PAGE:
Aug. 6, 2013 — During the last decade many California businesses have financially benefited from reforms made to the ailing state’s workers’ compensation insurance system. But our Sacramento lawmakers are far from finished with the overhaul needed in this important program created over a century ago tohelp employees with legitimate job-related injuries.
The key word here is “legitimate.”
That message really hit home this month as Feather Publishing began shopping rates for our policy’s August renewal. We were shocked to learn that the Workers’ Compensation Insurance Rating Bureau proposed a flat, across-the-board rate increase for all classifications. The 18 percent hike was approved by the California Department of Insurance.
When you combine that increase with a host of other factors insurance companies take into consideration — risks, exposure, certain classifications, etc. — before offering a quote, the number of insurance companies willing to quote a particular plan can become quite small. And that simply means their rates are usually not very competitive.
For Feather Publishing, the best offer we had was 25 percent more than we paid last year. Our monthly premium will be about $1,000 more per month. For us and other small businesses already struggling to make ends meet, this added cost only compounds the problem.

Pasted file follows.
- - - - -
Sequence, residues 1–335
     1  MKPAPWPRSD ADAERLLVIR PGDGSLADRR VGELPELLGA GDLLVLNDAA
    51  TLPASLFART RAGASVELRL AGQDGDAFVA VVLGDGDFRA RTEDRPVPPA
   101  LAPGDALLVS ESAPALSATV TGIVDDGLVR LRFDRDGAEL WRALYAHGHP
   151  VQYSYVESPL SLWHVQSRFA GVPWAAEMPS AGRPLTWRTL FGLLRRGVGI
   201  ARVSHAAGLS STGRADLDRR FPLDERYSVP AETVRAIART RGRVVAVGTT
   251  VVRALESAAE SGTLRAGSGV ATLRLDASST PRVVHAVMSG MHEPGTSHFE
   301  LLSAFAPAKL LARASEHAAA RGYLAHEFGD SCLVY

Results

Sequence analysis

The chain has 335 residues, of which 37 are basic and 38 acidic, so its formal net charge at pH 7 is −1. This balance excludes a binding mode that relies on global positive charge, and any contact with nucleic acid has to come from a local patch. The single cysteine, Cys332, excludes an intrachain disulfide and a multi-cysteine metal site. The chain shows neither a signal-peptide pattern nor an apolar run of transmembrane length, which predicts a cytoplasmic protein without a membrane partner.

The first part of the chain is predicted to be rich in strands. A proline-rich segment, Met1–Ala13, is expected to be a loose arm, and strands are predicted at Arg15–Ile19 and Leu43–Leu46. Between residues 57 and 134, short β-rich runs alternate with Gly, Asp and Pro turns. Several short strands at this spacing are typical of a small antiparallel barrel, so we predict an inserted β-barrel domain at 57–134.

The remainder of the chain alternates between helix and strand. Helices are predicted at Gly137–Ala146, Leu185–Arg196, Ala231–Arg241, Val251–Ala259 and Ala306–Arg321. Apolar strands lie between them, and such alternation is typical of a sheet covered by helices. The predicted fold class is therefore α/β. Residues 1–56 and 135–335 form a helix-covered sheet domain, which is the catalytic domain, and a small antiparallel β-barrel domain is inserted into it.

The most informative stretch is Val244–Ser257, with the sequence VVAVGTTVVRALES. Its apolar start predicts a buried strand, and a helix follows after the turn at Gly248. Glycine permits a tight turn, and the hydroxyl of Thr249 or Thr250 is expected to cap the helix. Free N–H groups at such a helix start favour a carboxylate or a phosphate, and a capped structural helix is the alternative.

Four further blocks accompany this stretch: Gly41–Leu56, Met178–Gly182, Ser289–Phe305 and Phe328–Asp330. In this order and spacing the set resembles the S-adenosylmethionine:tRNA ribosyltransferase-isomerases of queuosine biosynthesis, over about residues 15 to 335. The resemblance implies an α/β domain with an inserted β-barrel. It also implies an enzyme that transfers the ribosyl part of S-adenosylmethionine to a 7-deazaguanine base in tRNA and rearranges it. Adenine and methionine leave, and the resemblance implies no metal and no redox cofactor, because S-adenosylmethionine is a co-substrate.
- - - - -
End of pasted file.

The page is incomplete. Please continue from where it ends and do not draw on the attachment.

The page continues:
If workers’ comp dealt with truly legitimate claims, we wouldn’t be staring at such an astronomical increase this year.
Take, for example, the current battle playing out at the State Capitol between lawmakers, trying to fix parts of this broken system, and representatives from professional sports.
Since the early 1980s, California law allows professional athletes to make a claim in California for workers’ compensation if they have played at least one game in the state. To date, an estimated $747 million has been paid out to some 4,500 athletes — usually in lump-sum payments.
As an example: Former Dallas Cowboy and Hall of Fame football star Michael Irvin was awarded $249,000 and he’s just one of the many big name, highly paid athletics taking six-figure cash settlements! Another 4,000 cases are still open and it has been reported that 75 percent of those claims have been made by players who have never played on a California team. We understand this represents an estimated $1.57 billion in potential liability for our state.
But there’s a glimmer of hope, at least with this glaring flaw in the comp system.
Last week the Assembly overwhelming passed Assemble Bill 1309, a measure that restricts the filing of workers’ comp claims by professional athletes. One significant highlight in the bill is that it will apply retroactively, thus wiping out those pending claims that benefits would have to have been paid for under existing law.
We applaud the Assembly and urge our senators to quickly put this on the governor’s desk for his signature.
Maybe the multibillion-dollar professional sports industry can absorb these kinds of increases in their businesses. We know the majority of the rest of us in business can’t.
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